I always thought the fad for wholemeal bread was a new thing. Apparently not:
More than that - it is a cure for constipation and its attendant evils and will do more to maintain health than all the medicines ever sold.
From The Times 20th March 1911.
He can say that again. And probably did. This was the first Times report (that I can find) to cover the Spanish Influenza. At the time (2 June 1918) it had killed 700 people in 10 days and there were well over 100,000 sufferers.
The disease would appear pretty much everywhere over the next few weeks, go away again over the summer and come back with a vengeance with the onset of winter. It peaked at about exactly the same time as the signing of the Armistice and ended up killing perhaps 20m people.
And people are worried about swine flu. Call that an epidemic? This is an epidemic!
Ho hum. There’s been a big media campaign7 on this this week. They seem to want some sort of restriction on the sale of alcohol - although whether this involves higher taxes or a higher age limit I really don’t know. My guess is that Tesco is simply jumping on the bandwagon before it’s too late - although it must be said this seems a tad out of character for Tesco - usually they’re pretty keen to keep out of politics.
Now as a libertarian I tend to be rather against this sort of thing. In principle6 I would like to see no restrictions on the sale of alcohol8 at all and in theory I believe that this would make the world a better place.
What’s interesting is the coalition of motivations that’s been assembled. On the one hand are concerns about public order - teenagers getting legless and causing trouble3 - and on the other worries about an “epidemic”1 of alcoholism.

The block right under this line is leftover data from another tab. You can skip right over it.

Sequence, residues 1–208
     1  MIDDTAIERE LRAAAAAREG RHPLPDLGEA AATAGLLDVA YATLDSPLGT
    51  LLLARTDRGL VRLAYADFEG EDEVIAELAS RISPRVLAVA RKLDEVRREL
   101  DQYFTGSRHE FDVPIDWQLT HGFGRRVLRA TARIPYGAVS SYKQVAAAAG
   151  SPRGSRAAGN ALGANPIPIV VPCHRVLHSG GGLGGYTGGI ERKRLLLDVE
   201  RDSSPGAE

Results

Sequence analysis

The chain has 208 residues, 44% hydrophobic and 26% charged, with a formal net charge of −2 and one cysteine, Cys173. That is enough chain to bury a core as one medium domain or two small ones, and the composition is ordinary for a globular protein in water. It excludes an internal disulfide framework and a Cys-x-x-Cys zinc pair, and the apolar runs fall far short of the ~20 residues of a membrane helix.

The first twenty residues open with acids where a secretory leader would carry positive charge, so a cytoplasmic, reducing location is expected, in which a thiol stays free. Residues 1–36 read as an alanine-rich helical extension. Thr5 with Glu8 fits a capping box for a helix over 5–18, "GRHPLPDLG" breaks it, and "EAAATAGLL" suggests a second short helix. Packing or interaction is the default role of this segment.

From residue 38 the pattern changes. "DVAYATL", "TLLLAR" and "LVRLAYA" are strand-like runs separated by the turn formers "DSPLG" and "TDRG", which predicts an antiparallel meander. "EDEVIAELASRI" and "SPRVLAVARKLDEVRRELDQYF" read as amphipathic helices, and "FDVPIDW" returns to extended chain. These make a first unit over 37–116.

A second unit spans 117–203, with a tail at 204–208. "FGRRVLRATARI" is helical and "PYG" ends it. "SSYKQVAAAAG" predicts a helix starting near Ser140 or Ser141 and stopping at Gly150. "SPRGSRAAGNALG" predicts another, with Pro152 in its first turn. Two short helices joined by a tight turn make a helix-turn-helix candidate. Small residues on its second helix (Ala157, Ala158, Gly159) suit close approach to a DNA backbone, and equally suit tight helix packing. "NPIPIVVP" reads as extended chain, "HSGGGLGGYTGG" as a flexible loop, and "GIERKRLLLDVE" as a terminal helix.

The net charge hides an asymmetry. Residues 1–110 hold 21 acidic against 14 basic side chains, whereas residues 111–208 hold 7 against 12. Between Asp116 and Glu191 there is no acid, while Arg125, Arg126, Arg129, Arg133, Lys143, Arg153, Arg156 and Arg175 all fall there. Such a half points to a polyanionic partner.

The second point is easy to deal with. My health is none of the state’s business. Except, of course, that it is - by virtue of the existence of a state-funded NHS whose casualty wards groan with the results Chateau Laffite abuse. For me that’s just another reason to abolish it2.
On the point about public order, well, this is not a simple one. My guess is that a lot of the problems are caused by the welfare state combined with compulsory education4. However, I’m not immune to the idea that underneath the surface the British aren’t all that civilised and that drunkenness is simply what they do5.
1. “Epidemic” indeed! What a misuse of the English language. Now that’s something that ought to get added to the list.
2. Yes, that’s the NHS that should be abolished not Chateau Laffite. See Against the NHS.
3. Yeah, I know, if they’re truly “legless” they’re not really going to be in a position to cause trouble but you know what I mean.
4. See Brian Micklethwait’s Abolish the Welfare State and restore some Respect. See also The Trouble With Child Labor Laws by Jeffrey A Tucker which is sort of related.
5. My understanding is that England was for a long time an astonshingly violent society and that the low levels of crime recorded in the century before 1970 were something of an aberration. Think Gin Lane in the 18th Century - no welfare state, cheap booze, mass disorder.
6. See Why I am a Libertarian
7. In both senses of the term
8. I think most of the same arguments as used in the drugs debate would apply here. See Sean Gabb’s A Neither Profound Nor Original Article on Why the Sale and Use of Recreational Drugs Ought Not to Be Illegal.
A few little fact- and thought- ettes I picked up from last weekend’s conference:
- “Buying health insurance is like insuring against your tyres wearing out.” It’s going to happen. Insurance is really there for the catastrophic and unexpected. Like appendicitis, for instance…
- In Switzerland a few years ago they made health insurance compulsory. Prices doubled overnight.